Following on from last month’s wellbeing focus, it comes as no surprise that our June issue follows the theme of healthy buildings and end-users. In this issue, Architect Christopher Sykes returns; this time with an article on the use of aesthetically-pleasing, energy-saving and crowd-pleasing green roofs and living walls. Turn to page 18 to learn how green roofs are encouraging much-needed biodiversity in our built environment and how living walls are brightening up our concrete and asphalt surroundings.
In the wake of the coronavirus outbreak, not only have we learned to pay more attention to our own wellbeing but we have also spent more time considering sustainability, reducing our carbon footprint and taking care of planet earth. Of course, many within the construction and architectural worlds have been heavily advocating sustainability, recycling, upcycling and environmentally-friendly materials and techniques for some time. However, with life on pause, fewer flights and journeys and less pollution in our towns and cities, we have been treated to a rare glimpse of the low-carbon future we are all striving for, and it’s painted the picture we have all been anticipating.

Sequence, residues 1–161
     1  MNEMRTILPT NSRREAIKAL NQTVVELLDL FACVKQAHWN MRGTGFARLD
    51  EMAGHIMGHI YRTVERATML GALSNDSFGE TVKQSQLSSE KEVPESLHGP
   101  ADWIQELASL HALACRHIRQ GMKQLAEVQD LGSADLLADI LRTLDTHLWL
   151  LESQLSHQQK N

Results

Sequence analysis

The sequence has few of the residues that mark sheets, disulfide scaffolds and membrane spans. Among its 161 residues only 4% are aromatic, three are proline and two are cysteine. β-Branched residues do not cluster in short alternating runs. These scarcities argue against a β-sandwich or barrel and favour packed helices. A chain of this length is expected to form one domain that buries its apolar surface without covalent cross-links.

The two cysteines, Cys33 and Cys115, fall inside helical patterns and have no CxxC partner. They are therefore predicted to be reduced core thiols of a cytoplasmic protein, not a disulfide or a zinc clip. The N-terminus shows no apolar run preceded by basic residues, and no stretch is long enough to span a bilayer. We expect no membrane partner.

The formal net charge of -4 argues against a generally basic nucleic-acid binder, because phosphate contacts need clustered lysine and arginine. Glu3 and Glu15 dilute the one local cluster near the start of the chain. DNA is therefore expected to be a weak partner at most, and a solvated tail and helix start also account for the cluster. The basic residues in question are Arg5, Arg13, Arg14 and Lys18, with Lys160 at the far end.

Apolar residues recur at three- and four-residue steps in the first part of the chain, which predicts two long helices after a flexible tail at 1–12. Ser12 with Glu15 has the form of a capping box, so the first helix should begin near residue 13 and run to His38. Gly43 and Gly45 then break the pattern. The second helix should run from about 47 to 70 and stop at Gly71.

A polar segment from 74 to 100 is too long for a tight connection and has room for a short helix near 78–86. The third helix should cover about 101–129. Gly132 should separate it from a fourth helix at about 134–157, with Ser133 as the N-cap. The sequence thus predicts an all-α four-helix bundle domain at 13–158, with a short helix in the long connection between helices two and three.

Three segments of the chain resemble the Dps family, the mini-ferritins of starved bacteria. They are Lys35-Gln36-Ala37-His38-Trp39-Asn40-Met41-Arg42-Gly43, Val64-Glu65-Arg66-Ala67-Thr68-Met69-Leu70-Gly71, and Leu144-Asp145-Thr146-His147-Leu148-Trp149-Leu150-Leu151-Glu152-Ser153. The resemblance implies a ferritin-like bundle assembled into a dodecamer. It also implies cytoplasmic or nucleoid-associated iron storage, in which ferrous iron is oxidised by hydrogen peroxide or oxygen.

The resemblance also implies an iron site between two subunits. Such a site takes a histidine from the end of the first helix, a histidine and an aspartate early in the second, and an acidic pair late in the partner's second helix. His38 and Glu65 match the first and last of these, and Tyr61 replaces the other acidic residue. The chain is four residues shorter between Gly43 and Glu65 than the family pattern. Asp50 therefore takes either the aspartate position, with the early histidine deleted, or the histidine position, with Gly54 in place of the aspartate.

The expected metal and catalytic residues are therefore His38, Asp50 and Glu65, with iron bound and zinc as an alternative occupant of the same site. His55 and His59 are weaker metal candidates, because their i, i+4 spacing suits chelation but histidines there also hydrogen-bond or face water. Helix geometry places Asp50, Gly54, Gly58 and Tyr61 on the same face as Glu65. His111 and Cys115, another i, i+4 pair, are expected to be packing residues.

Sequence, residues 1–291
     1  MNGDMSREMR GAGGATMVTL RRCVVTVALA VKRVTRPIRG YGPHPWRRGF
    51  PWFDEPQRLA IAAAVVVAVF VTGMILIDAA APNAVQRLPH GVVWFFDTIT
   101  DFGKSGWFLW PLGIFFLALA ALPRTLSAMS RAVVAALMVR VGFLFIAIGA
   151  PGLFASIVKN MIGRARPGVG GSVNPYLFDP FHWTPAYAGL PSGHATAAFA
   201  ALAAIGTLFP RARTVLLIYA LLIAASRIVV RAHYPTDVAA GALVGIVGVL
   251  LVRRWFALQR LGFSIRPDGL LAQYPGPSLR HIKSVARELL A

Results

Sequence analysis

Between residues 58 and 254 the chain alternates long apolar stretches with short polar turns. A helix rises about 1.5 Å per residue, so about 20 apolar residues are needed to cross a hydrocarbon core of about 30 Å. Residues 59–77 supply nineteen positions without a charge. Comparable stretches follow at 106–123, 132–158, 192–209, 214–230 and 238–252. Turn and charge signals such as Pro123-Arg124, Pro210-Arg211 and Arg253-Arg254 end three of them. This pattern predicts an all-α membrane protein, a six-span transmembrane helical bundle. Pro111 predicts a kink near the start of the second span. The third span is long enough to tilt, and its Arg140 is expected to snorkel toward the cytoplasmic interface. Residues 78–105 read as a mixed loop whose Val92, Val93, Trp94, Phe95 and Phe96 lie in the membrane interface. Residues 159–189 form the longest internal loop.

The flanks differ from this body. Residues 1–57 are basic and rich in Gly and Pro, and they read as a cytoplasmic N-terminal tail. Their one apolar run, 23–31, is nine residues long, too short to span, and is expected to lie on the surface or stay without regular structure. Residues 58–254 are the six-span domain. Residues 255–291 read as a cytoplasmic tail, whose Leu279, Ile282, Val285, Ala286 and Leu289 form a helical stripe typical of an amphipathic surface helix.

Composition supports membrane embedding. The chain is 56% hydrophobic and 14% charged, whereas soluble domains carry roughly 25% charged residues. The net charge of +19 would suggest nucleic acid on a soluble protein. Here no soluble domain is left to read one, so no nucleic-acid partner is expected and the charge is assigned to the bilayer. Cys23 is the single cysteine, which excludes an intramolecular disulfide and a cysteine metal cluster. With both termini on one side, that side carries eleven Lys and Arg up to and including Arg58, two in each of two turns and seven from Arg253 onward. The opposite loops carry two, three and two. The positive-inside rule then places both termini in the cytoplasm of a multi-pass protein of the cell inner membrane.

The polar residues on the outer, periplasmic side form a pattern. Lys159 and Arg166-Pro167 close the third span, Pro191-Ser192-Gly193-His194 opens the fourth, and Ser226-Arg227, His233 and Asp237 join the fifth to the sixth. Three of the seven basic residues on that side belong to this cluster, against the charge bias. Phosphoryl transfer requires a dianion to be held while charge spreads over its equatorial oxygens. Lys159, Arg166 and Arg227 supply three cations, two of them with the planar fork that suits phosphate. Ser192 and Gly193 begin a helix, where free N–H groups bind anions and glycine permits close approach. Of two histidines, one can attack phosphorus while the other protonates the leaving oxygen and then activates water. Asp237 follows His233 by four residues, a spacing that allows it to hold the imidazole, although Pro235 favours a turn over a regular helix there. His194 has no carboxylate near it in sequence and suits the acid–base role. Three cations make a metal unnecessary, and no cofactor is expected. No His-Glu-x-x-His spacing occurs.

With less travelling and more working from home, what has been evident is the change of heart regarding workplace habits from many employers around the world. With titans such as Twitter announcing staff will be permitted to work from home permanently, many employers are switching on to the benefits and healthy work-life balance this presents – which means the workplace as we know it certainly has some changes in store. To learn more about the destiny of the UK office, we have talked to Joint Managing Director and Co-Founder of design and workplace consultancy, Office Principles, Cyril Parsons. Turn to page 33 to learn more about how the workplace could look in the not so distant future.
ON THE COVER:
RMJM Shanghai was recently appointed by Hengyan authorities to design the Xiangjiang Gate.
SEE PAGE 16